"Hey, I heard there's a bunch 'o gooks in this town! My brother told me he met up with three Vietnamese he used to know in Saigon in 1970 in a back street south of Market. They were gonna rip 'im off but then they recognized each other so they settled for the half gram of coke he had." Jimmy's consciousness was invaded by the nervous babbling of another recent recruit, an 18 year old kid from Modesto.
"Fuck you! Shut up!" said another fellow, even more uptight, in the other side of Jerry from Modesto.
On they went, turning up Van Ness, past Lombard and Broadway. As they cleared the top of the hill at Washington Street they came to a sudden halt. Ahead of them from one side of Van Ness across to the other was a solid line of people, arms linked, shoulder-to-shoulder. And behind the front line were thousands more, as far as they could see, and they were slowly advancing down Van Ness toward platoons 14 and 15 of 'Red-eater.'
Jimmy was struck by the crowd -- their earnest, excited expressions. These sure didn't seem like the raving commie, anarcho-terrorists they had been briefed about.
"'This is 'Red-eater'- 14/15 to 'Log Cabin', come in 'Log Cabin.' Facing thousands on Van Ness, please advise course of action." The platoon sergeant was frantically radioing in to the major the situation of his troops but aid and orders were not forthcoming. The Major was too busy with the other units who were facing similarly overwhelming odds. Platoons 41 and 2 had already been overrun and had surrendered without a shot down on the waterfront.
The 100 National guardsmen and two jeeps with machine guns, stretched across Van Ness, couldn't withstand the onslaught of these thousands, though they could exact a terrible price if the platoon sergeant gave the order to resist and fire. As the crowd came within a half a block their yells were clearly audible: "Don't shoot! We are not your enemy! Talk to us! Don't shoot! We have no arms! We won't hurt you! We are people just like you, not terrorists or rioters!"
Jimmy felt utterly confused, he was not prepared for this. Jerry from Modesto started crying to his right. "I don't wanna kill nobody" he sobbed.
The platoon sergeant yelled the orders "Use your rifles to hold back the crowd -- don't let them pass." The crowd drew nearer, Jerry and six other young recruits threw down their guns and ran off to the rear, stripping off their uniforms as they ran. Jimmy, sweating profusely, clutched his rifle in front of him.
There was no more than 10 ft. separating the line of Guardsmen from the crowd. Jimmy found himself face to face with hundreds of people.
"Listen you guys, we want to be free!" said a middle-aged fellow with thick glasses.
"Why are you here? Who are you defending?!? demanded a blond man with an earring in his left ear.
"Wouldn't you like to live in a world where you don't have to worry about how you're gonna make a living, in a world where you have the freedom to experiment with life?" asked a young woman in overalls and a green turtleneck.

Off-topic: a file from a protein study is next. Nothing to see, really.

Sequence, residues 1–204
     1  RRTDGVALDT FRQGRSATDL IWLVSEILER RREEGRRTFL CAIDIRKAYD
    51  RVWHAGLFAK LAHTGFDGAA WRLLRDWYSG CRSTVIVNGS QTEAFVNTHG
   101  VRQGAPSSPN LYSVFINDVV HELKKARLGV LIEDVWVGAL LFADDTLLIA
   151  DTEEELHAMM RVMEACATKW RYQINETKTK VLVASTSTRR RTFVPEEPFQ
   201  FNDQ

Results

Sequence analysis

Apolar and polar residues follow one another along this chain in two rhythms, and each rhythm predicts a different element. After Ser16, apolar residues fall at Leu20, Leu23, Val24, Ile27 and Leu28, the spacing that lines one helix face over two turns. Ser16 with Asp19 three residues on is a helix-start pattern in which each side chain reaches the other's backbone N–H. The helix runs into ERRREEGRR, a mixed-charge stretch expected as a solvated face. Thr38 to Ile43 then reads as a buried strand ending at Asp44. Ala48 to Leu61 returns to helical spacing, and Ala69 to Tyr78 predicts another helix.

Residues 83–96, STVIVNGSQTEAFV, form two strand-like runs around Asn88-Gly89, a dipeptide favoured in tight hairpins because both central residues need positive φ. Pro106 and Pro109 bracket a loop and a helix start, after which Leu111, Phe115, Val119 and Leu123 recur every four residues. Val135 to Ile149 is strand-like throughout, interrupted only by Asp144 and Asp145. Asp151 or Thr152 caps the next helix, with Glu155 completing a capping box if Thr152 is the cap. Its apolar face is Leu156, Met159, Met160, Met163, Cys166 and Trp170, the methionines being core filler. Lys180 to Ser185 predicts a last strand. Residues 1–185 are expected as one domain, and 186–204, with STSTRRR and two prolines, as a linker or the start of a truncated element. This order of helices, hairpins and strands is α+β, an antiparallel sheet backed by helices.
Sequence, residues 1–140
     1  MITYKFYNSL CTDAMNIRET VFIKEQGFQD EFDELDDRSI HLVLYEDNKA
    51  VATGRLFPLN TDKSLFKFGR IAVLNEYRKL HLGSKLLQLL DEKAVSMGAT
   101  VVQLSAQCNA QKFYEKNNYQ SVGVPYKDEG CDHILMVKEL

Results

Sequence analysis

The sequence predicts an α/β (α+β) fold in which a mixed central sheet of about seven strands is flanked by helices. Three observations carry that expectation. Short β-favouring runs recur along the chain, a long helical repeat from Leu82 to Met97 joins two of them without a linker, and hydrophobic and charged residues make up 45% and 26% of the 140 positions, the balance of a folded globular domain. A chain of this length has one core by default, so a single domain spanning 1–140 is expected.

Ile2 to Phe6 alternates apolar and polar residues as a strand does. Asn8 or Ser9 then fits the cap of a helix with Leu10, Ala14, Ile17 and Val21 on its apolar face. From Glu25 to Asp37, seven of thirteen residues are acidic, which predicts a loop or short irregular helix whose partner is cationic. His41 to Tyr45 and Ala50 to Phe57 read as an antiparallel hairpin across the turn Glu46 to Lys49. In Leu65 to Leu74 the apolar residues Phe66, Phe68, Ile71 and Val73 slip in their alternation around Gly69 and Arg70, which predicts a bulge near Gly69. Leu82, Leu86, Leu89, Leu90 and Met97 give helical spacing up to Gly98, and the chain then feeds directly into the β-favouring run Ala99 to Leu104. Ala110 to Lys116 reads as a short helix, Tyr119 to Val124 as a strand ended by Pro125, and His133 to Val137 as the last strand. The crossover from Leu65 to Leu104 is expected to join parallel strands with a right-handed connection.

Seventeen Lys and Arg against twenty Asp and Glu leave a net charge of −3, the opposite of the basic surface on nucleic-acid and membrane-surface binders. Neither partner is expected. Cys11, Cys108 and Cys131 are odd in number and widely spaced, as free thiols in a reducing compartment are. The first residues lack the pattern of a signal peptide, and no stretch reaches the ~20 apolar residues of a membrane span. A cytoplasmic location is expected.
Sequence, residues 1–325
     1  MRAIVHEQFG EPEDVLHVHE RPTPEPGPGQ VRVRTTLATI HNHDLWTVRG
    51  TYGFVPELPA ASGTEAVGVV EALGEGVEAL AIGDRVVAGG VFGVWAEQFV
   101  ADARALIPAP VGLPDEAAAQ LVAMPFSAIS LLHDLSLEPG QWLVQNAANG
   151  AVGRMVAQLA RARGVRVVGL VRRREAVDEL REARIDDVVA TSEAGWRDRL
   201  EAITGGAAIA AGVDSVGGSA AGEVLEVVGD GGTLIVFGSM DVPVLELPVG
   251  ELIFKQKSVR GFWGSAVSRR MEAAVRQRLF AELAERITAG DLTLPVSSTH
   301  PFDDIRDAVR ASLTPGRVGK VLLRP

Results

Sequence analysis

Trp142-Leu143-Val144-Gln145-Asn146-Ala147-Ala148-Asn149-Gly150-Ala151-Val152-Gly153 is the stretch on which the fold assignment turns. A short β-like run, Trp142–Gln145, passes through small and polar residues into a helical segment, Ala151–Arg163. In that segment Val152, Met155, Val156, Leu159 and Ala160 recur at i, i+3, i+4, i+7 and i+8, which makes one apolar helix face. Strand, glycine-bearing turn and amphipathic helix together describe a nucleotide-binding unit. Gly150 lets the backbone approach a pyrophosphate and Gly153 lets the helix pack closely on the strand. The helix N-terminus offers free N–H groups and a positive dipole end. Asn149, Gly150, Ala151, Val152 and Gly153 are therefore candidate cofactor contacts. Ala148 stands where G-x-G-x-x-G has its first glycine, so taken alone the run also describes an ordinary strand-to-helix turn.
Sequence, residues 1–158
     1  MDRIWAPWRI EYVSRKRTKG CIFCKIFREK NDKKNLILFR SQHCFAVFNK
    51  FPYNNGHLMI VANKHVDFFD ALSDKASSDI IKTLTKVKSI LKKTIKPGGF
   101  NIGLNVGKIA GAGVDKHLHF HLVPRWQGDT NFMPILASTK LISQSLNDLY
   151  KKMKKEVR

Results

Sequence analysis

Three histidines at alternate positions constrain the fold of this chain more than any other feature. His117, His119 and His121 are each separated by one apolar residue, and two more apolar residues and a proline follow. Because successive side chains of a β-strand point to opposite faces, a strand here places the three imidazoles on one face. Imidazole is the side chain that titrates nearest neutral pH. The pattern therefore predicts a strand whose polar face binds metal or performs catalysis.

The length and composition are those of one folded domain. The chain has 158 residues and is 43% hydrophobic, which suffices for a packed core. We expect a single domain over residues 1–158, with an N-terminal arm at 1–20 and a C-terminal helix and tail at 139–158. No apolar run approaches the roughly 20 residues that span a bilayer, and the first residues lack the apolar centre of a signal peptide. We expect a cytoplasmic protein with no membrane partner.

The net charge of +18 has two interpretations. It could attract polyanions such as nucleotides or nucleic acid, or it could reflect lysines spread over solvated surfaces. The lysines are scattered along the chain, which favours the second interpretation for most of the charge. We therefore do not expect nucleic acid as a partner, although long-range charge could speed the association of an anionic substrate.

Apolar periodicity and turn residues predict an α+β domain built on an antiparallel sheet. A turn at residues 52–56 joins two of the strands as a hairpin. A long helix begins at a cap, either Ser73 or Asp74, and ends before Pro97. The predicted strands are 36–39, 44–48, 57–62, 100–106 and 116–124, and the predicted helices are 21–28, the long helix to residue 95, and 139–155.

"Wouldn't you like to grow up without having to go through ten years of traumatic adolescence full of insecurity, fear, and sexual frustration?" asked a young man, not long past his own adolescence, only a year or two older than Jimmy.
By now the crowd was within arms reach.
THWACK!! 44-year-old Don Emory, a fireman from Visalia, smashed his rifle into the jaw of a leather-clad gay man. Immediately the crowd surged forward and shots rang out. Screams came from all around. Jimmy tried to hold the crowd back with his gun and began swinging it at the people who were rushing all around him.
BAM! BAM! more shots from the other side of the crowd. Blood was everywhere as Jimmy went down, choked from behind and pummeled by people all around him.
37 people died in the battle of Van Ness Ave. including 23 Guardsmen. 115 more were injured, including most of the captured Guardsmen who were severely beaten before being brought to City Hall.
The San Francisco Commune lasted for five and half weeks before the city was successfully retaken by the U.S. Marines at a horrible cost in human lives: thousands dead and injured. Severe civil disturbances rocked twelve other cities during 1987, but none went quite as far in advancing a vision and a social experience of a world without institutional power, where people worked together without bosses and shared everything without prices or money, and where the very idea of Property actually began to lose meaning.
Jimmy Radile joined the defense of the city and had a significant role in seizing Cruise Field, the battle of Tank Hill in the Haight, and the battle of Russian Hill. He was killed on the 4th of July when the building he was living in Polka Gulch was hit by an air-to surface missile.